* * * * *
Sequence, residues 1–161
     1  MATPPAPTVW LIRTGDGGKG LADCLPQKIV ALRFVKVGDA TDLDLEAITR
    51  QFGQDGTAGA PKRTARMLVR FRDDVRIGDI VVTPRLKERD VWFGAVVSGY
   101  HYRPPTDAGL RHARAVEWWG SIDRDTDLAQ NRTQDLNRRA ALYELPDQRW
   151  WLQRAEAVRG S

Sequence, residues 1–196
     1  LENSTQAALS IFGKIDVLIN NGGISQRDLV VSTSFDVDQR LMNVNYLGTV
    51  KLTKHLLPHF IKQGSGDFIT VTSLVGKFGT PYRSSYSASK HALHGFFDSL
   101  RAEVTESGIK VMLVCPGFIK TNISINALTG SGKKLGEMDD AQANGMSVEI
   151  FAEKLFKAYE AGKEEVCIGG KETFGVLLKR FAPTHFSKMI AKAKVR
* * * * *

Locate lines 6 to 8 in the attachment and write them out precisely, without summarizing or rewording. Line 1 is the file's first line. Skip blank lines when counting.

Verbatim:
Sequence, residues 1–196
     1  LENSTQAALS IFGKIDVLIN NGGISQRDLV VSTSFDVDQR LMNVNYLGTV
    51  KLTKHLLPHF IKQGSGDFIT VTSLVGKFGT PYRSSYSASK HALHGFFDSL